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Consider $\mathsf{REGULAR_{TM}} = \{\langle M \rangle \mid \text{$M$ is a TM and $L(M)$ is a regular language}\}$.

Let $S$ be the following algorithm, which solves $\mathsf{A_{TM}}$: “On input $\langle M, w \rangle$, where $M$ is a TM and $w$ is a string:

  1. Construct the following TM $M_2$:

    $M_2$ = “On input $x$:

    1. If $x$ has the form $0^n 1^n$, accept.
    2. If $x$ does not have this form, run $M$ on input $w$ and accept if $M$ accepts $w$.”
  2. Run $R$ (a machine solving $\mathsf{REGULAR_{TM}}$) on input $\langle M_2 \rangle$.

  3. If $R$ accepts, accept; if $R$ rejects, reject.”

I am trying to understand this proof, but I am really confused with step 1 of $M_2$.

The book says "$M_2$ works by automatically accepting all strings in $\{0^n1^n \mid n ≥ 0\}$. In addition, if $M$ accepts $w$, $M_2$ accepts all other strings."

But I don't understand how could $M_2$ accept all strings. If $x$ is not of the form $0^n 1^n$ and $M$ does not accept $$, wouldn't $L( M_2 )$ be empty?. Or can we assume there are many different $x$ as an input to $M_2$?

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  • $\begingroup$ The Turing machine $M_2$ accepts an input $x$. The input could be any binary word whatsoever. $\endgroup$ – Yuval Filmus Dec 15 '18 at 23:47
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First, note that $M$ and $w$ in $M_2$ are fixed. So whatever is the input, $M$ always accepts or rejects $w$. Second, note that $M_2$ is not built to run.

Then:

You want to map $<M,w>$ to a regular language $L$ if and only if $M$ accepts $w$. Fix $L$, in that case you choose $\Sigma^*$. However, if $M$ rejects $w$ you don't want $L$ regular (otherwise $R$ will accepts), so you choose $L'\subset L$ such that $L' = \{0^n1^n\}$ which is not regular.

Now you have two cases:

1) if $M$ rejects $w$, then $M_2$ will accepts only the strings of the form $0^n1^n$, then $R$ will reject.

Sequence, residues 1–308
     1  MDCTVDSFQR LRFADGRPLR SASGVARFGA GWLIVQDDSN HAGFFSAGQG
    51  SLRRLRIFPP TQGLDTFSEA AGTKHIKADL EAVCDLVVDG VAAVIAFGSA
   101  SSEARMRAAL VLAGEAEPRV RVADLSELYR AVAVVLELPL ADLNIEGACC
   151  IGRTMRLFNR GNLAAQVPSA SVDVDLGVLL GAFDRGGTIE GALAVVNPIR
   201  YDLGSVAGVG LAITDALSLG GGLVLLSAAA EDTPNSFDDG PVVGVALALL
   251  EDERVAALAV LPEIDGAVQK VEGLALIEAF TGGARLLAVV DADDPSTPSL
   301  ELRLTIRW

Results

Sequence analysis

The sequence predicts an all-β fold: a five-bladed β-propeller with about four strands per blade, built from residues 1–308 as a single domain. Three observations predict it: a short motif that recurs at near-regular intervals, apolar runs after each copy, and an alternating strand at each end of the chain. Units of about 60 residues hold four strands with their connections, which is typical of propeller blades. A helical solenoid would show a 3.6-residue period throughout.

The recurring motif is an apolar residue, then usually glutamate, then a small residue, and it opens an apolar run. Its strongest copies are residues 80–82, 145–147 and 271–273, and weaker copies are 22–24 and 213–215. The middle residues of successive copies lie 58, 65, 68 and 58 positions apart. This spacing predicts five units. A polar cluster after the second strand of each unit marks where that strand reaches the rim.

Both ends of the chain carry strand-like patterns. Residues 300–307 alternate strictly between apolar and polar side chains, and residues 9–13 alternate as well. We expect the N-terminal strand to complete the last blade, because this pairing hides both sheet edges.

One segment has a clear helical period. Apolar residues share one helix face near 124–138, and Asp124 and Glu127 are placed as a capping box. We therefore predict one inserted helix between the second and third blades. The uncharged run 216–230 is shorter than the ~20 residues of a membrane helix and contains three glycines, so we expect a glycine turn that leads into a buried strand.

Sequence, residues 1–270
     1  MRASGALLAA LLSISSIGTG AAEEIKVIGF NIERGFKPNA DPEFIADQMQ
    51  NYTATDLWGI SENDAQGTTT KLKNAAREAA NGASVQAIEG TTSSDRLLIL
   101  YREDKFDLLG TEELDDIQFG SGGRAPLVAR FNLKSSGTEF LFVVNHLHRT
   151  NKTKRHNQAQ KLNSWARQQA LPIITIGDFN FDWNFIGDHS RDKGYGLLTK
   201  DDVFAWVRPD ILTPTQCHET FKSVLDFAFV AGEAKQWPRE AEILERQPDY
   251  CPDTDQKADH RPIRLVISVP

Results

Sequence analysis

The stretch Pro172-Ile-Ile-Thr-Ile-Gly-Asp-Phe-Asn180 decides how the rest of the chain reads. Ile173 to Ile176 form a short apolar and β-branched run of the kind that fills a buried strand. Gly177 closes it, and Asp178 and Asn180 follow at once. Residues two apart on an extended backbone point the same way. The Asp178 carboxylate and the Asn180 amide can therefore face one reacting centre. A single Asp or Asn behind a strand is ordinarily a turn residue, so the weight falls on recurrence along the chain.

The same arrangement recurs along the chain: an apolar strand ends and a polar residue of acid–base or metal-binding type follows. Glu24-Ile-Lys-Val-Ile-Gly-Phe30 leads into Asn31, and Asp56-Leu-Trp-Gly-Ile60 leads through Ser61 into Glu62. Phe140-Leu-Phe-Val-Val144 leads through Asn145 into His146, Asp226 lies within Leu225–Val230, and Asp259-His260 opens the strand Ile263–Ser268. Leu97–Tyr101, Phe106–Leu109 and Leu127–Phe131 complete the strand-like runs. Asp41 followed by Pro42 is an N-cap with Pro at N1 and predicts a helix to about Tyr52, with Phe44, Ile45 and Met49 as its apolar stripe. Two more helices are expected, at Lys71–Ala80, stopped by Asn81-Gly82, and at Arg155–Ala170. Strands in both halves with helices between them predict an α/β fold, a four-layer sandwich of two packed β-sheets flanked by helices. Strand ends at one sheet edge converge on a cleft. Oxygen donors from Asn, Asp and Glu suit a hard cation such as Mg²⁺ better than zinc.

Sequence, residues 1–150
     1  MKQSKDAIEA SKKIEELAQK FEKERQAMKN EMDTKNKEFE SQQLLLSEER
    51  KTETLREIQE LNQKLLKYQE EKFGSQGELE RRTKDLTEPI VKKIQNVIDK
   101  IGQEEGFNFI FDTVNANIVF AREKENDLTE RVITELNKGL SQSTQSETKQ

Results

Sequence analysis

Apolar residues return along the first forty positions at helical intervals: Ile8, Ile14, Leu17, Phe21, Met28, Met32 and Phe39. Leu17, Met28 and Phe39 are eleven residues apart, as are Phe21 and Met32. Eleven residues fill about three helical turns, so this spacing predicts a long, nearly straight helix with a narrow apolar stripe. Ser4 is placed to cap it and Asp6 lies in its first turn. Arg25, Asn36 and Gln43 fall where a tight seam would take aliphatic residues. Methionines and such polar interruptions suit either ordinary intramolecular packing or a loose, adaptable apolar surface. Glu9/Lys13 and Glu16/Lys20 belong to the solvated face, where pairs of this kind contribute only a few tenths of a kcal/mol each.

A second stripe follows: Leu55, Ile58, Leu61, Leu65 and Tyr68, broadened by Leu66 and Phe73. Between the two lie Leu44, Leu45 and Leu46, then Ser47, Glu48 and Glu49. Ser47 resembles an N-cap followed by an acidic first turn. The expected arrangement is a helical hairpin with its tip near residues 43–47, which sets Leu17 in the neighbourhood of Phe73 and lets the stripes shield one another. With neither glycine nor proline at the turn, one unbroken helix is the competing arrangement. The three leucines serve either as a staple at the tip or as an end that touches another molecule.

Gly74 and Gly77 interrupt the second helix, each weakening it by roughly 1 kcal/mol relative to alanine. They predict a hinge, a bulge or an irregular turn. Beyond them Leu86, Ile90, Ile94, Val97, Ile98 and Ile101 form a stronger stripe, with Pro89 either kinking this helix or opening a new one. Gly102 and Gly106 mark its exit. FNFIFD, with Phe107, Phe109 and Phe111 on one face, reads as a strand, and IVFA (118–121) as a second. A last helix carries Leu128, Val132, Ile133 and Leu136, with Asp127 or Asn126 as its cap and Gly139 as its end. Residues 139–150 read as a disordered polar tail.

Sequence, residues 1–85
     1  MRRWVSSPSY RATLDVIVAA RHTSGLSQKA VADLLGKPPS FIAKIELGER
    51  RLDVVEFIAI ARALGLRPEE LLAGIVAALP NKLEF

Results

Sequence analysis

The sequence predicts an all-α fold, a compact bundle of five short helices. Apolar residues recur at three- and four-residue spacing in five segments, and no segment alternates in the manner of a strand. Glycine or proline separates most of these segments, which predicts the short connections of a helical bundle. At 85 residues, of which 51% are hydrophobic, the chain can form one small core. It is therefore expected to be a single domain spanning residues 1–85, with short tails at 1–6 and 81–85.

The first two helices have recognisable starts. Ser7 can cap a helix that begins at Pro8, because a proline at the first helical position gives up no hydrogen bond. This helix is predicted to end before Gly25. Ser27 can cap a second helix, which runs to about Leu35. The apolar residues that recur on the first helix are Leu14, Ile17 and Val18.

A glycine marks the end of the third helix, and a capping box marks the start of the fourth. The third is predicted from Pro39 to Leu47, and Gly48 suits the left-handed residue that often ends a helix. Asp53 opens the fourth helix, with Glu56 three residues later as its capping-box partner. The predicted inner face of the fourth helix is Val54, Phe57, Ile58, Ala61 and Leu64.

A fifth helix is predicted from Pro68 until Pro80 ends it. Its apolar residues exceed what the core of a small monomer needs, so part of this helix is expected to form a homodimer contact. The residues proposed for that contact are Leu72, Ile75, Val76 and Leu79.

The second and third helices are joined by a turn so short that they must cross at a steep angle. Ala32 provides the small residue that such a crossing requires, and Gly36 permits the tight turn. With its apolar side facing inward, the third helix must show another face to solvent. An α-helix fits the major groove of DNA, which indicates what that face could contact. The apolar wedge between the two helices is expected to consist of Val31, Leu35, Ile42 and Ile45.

2) if $M$ accepts $w$, then $M_2$ will accepts all the strings of the form $0^n1^n$ and all other strings in $\Sigma^*-0^n1^n$, so $R$ will accept.

However in poor words, it consists to map an "yes istance" of $<M,w>$ to a single "yes instance" of $L$. Let me do an example:

You want to prove that $L=\{M |\ if\ M\ accepts\ w\ then\ M\ accepts\ flip(w) \}$, where $flip(w)$ is the bitwise of all the string $w$ (For example if $w$ = $100$ then $flip(w) = 011$.), is undecidable with a reduction from $A_{tm}$.

Suppose $L$ is decidable, then exists a $TM$ $R$ that decides $L$. So we can build a new $TM$ $S$ that decides $A_{tm}$.

We will doing something like this:

$S$ on input $<M,w>$: "build a new $TM$ where $M$ and $w$ are constants. Call it $N_{<M,w>}$, then run $R$ on input $N_{<M,w>}$ and do what $R$ does."

Inside $N_{<M,w>}$ we have our reduction. Take in mind we want this:

$M$ accepts $w$ if and only if $R$ accepts $L(N_{<M,w>})$

First, we fix $L(N_{<M,w>})$ = $\{100,011\}$ (This is just an "yes instance" of $L(N_{<M,w>})$

Now our $N_{<M,w>}$

$N_{<M,w>}$ on input $x$:

if $x$ = $100$ then accepts

else if $x$=011 then run $M$ on $w$ and do what $M$ does.

Then "run" $R$ on $N_{<M,w>}$ and $S$ will accept if $R$ does:

if $M$ rejects $w$, the only string could be accepted by $N_{<M,w>}$ is $100$ then both $R$ and $S$ will reject.

Otherwise if $M$ accepts $w$, $N_{<M,w>}$ will accept both $100$ and $011$ then both $R$ and $S$ will accept.

So $S$ can decide $A_{TM}$ which is impossible, the "error" was to suppose the existance of $R$.

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